Talk:mathematical economics

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This discussion is no longer live and is left here as an archive. Please do not modify this conversation, but feel free to discuss its conclusions.

A course title does not an entry make. DCDuring TALK 21:38, 14 September 2009 (UTC)

Mathematical economics much more than a course title, I would rather call it a science (sense #2). Hekaheka, 15 September 2009 (UTC)
Economics might be a science. Mathematical economics is a catch-all warning label for a course in economics that applies relatively sophisticated mathematical methods (whichever have been popular over the past decades) to the subject matter of economics. In many ways this is like "advanced physics" or "theoretical physics". Ie, physics that is more advanced and physics that is more theoretical. Mathematical economics is economics that is more mathematical.
The definition given is complete malarkey. "mathematical aspects of economic systems"? It is of poor quality in part because the contributor couldn't find a dictionary that thought it was worthy of inclusion. The contributor would have hound something adequate at w:Mathematical economics, which shows that it is just a mathematical approach to economics. DCDuring TALK 13:43, 15 September 2009 (UTC)
OK, but if it's not "worthy" of inclusion, in what essential way does it differ from applied ethics, applied mathematics, applied statistics, mathematical analysis, mathematical function program, mathematical game, mathematical logic, mathematical model, financial capital, financial instrument, financial investment, statistical analysis, statistical randomness, physical attractiveness, physical constant, physical examination or tomato juice? --Hekaheka 15:09, 15 September 2009 (UTC)
Whether it's worthy I don't know. That's a BP question about CFI. I believe that it doesn't meet CFI. As to the others, we'd have to take them one at a time. I think you'd find that few/no other momolingual dictionaries or glossaries have them (OneLook includes specialized glossaries, too). I'd feel most comfortable going after the financial and statistical ones and "mathematical game", but I'm suspicious of most of them. "Tomato juice" would make it as a regulatory term and might make it also because normally it is only from cooked tomatoes and is subsequently processed. physical examination and physical constant, too, seem to me to be more likely to meet CFI than the others. I don't hunt them down, but stumble on them, this one in the course of excising a Hyphenation header. Many multi-word noun phrases that contain adjectives are suspect, IMO, but the review process is tedious. DCDuring TALK 16:31, 15 September 2009 (UTC)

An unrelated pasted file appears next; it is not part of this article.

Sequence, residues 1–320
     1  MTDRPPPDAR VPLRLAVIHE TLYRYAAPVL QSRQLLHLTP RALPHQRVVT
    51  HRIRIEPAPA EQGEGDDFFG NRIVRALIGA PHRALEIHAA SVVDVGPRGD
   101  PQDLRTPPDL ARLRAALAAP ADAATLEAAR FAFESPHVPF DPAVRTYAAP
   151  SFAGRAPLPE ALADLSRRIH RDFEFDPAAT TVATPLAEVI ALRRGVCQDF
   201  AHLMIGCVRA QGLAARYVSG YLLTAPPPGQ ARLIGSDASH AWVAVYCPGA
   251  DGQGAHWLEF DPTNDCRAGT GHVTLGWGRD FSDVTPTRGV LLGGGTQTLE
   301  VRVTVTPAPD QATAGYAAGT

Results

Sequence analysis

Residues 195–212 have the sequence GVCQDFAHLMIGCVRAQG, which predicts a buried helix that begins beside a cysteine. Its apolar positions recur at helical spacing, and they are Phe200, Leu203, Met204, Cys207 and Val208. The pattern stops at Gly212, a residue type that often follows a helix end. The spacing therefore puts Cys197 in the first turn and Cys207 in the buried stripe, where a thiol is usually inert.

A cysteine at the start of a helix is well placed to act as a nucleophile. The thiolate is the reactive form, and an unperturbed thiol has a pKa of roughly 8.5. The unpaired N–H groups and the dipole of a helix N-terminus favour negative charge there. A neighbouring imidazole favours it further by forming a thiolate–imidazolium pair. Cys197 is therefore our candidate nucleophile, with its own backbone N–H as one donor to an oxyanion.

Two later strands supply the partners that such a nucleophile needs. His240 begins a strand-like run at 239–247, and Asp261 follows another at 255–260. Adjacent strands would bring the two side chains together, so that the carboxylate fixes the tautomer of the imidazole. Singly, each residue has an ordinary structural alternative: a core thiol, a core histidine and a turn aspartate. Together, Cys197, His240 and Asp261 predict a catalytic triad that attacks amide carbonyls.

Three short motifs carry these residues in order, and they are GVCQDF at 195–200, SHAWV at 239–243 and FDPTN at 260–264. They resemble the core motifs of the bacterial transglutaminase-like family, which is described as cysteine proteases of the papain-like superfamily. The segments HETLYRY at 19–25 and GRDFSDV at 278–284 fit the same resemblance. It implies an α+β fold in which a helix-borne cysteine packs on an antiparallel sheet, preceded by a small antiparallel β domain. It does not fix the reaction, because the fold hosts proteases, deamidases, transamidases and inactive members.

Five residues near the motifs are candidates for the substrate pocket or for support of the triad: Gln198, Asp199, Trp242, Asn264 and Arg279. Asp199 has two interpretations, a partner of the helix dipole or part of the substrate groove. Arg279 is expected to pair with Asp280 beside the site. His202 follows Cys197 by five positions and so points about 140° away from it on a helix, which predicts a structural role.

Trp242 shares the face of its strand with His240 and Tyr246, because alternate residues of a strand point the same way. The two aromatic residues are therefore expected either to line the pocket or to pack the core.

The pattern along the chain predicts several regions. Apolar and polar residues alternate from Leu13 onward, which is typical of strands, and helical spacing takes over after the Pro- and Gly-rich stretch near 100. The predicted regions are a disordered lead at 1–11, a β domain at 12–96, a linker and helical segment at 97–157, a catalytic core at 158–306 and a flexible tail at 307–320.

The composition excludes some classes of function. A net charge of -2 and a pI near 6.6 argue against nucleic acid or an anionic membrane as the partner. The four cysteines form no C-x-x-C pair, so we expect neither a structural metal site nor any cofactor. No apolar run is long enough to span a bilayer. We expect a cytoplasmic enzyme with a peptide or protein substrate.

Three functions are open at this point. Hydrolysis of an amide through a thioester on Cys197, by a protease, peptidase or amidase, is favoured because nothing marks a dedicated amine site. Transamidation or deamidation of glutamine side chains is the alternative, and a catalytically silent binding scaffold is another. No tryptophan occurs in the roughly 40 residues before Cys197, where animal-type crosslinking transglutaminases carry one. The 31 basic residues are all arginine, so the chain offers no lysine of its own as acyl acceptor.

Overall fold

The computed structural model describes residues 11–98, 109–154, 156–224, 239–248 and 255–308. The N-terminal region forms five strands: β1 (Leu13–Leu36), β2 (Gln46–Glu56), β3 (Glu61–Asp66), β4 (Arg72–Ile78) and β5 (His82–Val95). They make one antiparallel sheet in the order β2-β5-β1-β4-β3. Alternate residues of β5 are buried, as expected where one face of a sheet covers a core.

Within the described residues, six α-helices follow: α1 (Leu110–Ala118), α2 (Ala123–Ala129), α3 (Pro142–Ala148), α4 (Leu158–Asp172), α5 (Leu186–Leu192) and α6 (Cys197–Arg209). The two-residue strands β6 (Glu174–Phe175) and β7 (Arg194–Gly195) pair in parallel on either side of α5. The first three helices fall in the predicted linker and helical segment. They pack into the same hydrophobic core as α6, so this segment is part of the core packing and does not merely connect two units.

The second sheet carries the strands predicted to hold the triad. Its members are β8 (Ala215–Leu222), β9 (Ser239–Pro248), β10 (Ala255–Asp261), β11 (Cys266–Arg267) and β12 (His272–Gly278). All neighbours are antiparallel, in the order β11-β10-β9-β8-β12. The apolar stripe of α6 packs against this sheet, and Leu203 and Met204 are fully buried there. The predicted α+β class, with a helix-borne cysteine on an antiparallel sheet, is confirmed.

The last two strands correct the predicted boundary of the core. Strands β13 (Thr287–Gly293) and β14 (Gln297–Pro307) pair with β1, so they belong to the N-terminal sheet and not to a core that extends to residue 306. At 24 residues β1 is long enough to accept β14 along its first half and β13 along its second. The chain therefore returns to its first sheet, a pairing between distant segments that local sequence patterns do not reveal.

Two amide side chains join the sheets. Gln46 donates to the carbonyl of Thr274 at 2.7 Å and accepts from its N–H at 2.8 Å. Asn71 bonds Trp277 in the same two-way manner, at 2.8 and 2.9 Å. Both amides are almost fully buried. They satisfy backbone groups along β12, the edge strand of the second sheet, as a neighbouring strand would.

I'm not fully convinced of the reasoning. Every juice is processed by definition, because the plants do not grow juice but fruit, roots etc of which the juice is made. Also, the fact that a term does not appear in a monolingual dictionary does not automatically prove that it should not appear in a multilingual dictionary as ours. In this case mathematical economics does not translate as mathematical + economics into every language. At least in German and Finnish it's rather economic mathematics (Wirtschaftsmathematik and talousmatematiikka). --Hekaheka 14:55, 16 September 2009 (UTC)
Ruakh has made a BP proposal to create translation-target entries. We already have a thread on tomato juice.
I just want to address whether this entry meets CFI as presently written. The economics, finance, business, management, marketing, statistics, and operations categories are some that I follow. I am not prejudiced against the subject area. I studied economics at a place renowned for its quantitative approach. I still pay a little attention to the field. I have a couple of older texts with these words in their titles. I'm not arguing out of complete ignorance of this field, but the situation is similar in many fields. So parallel arguments could be made that might apply. Is corpus linguistics worth a dictionary entry? DCDuring TALK 16:24, 16 September 2009 (UTC)
Yes, I would think it is. --Hekaheka 18:28, 17 September 2009 (UTC)
And all of managerial communication, soil mechanics, biomedical optics, and business ethics, auto repair, and Italian cooking, too, then? DCDuring TALK 20:25, 17 September 2009 (UTC)